– Olamide Agunkejoye –
“The age of bitcoin is upon us, as Africa’s most populated black nation traded $35 million worth of bitcoin peer to peer in June 2021”
This and many others like this have become everyday headlines, as it is becoming more evident that African nations and their younger generation aren’t taking a passive stance on bitcoin and cryptocurrencies.
Africa’s untapped economic potential is no secret. The continent’s population has soared past more than 1.3 billion, which accounts for roughly 17% of the world’s population and is mostly comprised of young people, with two-thirds of the population below the age of 24. Nigeria, Ghana, South Africa, Kenya, & Zimbabwe take the lead in the African Blockchain adoption.
As reported by un.org, Africa could be the next frontier for cryptocurrency, despite battling inflation and unfriendly economic situations, the continent seems to have found an escape route in crypto-currency and blockchain technology generally. For example, Nigeria is now the No. 2 bitcoin market on this fast-growing global marketplace says QuartzAfrica.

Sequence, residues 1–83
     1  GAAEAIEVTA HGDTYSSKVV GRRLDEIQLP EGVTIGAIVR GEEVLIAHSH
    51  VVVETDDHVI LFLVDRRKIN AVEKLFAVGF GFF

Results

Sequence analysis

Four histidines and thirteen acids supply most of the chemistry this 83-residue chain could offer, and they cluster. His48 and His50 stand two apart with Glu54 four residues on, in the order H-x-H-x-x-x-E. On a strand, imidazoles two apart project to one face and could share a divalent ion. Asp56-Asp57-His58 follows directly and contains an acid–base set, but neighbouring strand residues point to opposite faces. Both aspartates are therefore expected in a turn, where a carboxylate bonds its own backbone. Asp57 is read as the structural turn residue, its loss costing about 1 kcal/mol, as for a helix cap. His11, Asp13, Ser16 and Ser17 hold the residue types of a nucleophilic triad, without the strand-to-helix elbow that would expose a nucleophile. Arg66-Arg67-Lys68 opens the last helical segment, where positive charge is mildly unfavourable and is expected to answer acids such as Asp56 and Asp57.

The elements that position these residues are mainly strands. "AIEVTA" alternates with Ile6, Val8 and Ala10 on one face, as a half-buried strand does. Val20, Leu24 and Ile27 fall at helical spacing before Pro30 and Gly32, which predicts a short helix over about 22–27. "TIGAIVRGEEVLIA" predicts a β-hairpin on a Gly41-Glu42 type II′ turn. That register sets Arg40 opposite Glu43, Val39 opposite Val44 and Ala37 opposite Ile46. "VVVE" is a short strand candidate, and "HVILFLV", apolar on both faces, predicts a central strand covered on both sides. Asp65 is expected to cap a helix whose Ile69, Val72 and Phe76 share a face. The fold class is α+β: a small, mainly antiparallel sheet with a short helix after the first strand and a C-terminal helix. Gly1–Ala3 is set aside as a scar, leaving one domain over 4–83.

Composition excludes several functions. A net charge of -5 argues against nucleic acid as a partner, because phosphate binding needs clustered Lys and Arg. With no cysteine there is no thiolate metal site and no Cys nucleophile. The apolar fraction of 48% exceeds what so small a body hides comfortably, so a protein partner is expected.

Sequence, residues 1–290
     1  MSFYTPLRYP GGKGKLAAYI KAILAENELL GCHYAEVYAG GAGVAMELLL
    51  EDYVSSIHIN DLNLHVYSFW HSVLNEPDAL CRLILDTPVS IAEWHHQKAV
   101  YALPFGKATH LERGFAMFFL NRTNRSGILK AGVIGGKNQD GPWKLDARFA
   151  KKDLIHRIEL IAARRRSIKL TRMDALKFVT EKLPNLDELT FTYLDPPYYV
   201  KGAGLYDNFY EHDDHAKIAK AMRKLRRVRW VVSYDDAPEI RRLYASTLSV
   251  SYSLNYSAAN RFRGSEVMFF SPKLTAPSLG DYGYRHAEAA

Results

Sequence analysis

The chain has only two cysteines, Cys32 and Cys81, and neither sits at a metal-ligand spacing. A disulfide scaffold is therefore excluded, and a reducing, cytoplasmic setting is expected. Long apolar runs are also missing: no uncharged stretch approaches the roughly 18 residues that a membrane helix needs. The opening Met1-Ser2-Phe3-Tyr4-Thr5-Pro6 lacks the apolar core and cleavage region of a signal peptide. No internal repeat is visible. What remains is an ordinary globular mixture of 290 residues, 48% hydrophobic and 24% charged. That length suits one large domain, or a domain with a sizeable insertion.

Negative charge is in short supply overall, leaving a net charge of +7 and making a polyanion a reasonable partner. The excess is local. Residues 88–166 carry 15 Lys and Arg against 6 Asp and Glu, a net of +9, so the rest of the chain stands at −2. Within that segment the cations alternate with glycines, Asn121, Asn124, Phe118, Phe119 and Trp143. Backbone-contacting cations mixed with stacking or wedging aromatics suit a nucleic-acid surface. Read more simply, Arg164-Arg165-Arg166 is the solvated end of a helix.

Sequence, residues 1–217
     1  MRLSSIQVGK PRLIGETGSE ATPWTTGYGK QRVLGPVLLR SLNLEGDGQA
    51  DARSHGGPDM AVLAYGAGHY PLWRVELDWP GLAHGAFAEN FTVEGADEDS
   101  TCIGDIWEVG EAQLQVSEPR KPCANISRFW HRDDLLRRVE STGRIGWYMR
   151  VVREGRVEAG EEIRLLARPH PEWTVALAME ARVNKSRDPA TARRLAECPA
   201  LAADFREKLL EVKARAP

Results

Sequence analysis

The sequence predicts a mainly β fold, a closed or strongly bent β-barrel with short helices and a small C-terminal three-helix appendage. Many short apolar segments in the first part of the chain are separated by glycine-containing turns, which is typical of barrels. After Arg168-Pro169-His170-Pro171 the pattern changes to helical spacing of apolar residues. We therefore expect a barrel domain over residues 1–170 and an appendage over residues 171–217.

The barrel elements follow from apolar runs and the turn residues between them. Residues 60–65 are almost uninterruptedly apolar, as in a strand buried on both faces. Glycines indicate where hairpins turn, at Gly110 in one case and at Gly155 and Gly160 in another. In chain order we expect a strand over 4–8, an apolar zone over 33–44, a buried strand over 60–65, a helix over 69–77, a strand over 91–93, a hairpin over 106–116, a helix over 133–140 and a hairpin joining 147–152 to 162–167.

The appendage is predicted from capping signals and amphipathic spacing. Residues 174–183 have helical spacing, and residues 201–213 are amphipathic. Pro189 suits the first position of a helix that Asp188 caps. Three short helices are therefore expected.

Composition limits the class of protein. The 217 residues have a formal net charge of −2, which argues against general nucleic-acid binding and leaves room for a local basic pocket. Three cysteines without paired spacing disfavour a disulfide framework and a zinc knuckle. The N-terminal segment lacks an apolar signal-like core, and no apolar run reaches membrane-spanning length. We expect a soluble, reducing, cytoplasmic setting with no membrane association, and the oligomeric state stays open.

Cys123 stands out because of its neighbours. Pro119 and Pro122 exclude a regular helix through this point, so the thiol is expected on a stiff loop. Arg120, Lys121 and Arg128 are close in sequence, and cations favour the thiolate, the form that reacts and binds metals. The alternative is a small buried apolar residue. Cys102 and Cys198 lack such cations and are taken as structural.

The potential for blockchain in Africa
Twitter CEO Jack Dorsey was in mainstream headlines following an extended visit to Africa, after which, he announced that he would be returning for three to six months in mid-2020. The excitement stirred by his statement centred on his ongoing work with his payments company Square and its relatively new venture oriented on Bitcoin — Square Crypto.